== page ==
Hacking Medicare: Why we should use hacking as a method to solve some of our healthcare problems – Part 3
“Look at all these cubes”
It was the spring of 2005, an executive at a Medicare administrative contractor (MAC) led me to the center of a vast cube farm at his organization. Like rows and rows of Illinois corn, the cubes seemed to go on forever.
He turned to me and said, “Look at all of these cubes. If Medicare, and for that matter, this company, is to survive, we need to figure out a way to do this work faster, better and with fewer resources. For right now, I need to you to introduce automation into every operational process in every cube in six months. Get to work.”
Then he walked off.
20 workflows, 13 departments, 350 users, 20 weeks
We had no road map, no time for new hires or new tools and the date could not move. And we had to be done by August 31.
We also could not use a traditional IT waterfall approach for designing and implementing the project, because it would simply take too long. So we named the project “Cheetah” and got to work. The Cheetah project would expand workflow/BPM into every operational team, a feat that would require the implementation of 20 workflows in 13 departments for over 350 users in five locations in just 20 weeks.
Why a hack? Why now?
This may surprise those who think that Medicare is a slow-moving sloth that wastes billions while delivering less than stellar services, but the facts tell a vastly different story.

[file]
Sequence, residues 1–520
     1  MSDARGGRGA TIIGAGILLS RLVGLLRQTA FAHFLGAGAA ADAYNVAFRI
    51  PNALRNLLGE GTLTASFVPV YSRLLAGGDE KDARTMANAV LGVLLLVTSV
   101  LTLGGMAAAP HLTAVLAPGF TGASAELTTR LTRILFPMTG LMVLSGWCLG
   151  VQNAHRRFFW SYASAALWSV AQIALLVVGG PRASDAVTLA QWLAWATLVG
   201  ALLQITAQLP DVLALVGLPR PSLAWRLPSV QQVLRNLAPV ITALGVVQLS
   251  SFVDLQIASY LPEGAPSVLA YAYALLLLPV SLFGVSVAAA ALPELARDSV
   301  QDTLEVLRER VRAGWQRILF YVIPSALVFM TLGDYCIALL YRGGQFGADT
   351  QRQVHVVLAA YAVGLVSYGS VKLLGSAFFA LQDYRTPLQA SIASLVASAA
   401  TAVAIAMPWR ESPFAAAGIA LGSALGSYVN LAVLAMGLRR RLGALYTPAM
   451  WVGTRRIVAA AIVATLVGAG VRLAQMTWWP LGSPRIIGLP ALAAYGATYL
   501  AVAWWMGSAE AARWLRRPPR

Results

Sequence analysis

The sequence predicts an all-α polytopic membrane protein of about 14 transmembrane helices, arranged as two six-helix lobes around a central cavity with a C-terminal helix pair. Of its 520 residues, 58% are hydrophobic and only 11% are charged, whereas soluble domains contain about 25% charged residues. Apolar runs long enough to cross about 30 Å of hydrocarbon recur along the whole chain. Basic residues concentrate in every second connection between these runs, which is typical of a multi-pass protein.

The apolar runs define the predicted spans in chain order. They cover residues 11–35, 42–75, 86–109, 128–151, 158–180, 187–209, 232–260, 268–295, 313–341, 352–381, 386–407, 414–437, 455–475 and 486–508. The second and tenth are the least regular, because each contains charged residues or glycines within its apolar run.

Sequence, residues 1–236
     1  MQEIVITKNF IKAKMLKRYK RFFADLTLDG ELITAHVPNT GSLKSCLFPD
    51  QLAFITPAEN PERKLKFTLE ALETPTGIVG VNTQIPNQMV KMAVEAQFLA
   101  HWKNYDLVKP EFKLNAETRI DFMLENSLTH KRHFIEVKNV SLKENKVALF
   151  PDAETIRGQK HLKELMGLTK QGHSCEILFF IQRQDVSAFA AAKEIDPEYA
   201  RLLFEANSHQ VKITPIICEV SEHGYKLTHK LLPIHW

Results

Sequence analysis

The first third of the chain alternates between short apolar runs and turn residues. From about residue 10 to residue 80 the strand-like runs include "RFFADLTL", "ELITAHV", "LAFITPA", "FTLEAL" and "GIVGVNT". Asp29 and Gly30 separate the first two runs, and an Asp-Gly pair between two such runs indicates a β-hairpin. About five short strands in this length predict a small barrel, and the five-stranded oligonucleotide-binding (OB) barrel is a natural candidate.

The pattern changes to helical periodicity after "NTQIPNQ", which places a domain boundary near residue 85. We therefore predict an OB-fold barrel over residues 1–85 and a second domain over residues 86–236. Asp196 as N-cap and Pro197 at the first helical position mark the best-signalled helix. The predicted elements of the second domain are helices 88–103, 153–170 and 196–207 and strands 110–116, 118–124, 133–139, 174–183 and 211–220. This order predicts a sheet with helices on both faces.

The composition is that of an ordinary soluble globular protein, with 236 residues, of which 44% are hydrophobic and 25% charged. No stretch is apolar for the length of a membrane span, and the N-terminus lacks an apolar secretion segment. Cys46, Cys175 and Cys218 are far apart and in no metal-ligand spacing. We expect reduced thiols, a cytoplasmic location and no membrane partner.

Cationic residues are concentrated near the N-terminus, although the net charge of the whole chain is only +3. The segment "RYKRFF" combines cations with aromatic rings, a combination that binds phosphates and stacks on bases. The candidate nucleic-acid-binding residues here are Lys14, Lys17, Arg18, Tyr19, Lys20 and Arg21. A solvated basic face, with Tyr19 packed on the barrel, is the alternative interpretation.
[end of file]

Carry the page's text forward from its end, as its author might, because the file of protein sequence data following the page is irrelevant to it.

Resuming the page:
Simply put, Medicare is probably the most efficient and effective healthcare payer on the planet. Beneficiaries and Providers are satisfied with the program. They may grouse around small details on the fringes, but at its core, Medicare works very well.
At the time of my project, there were about 42 million Americans in the Medicare program. Cheetah could impact as many as 6.3 million beneficiaries and 130,000 providers.
It had to go well.
A really big MAC
The Centers for Medicare and Medicaid Services (CMS) administer Medicare. It does so by hiring private MACs to manage the administration of its programs in various regions. CMS ruthlessly bids on MAC contracts every five years. The Darwinian contracting process has dwindled the number of contractors to a hyper-efficient dozen or so players in 10 years.
Back in 2005, the MAC I was helping needed Cheetah’s efficiencies to effectively compete for their existing MAC contract. If they lost, 6.3 million beneficiaries and 130,000 providers would be calling another contractor. And a significant number of the MAC’s employees would be getting pink slips.
Cheetah needed to be a home run. No pressure.
Tune in to Part 4 to see if Cheetah ran successfully or limped off into the shadows.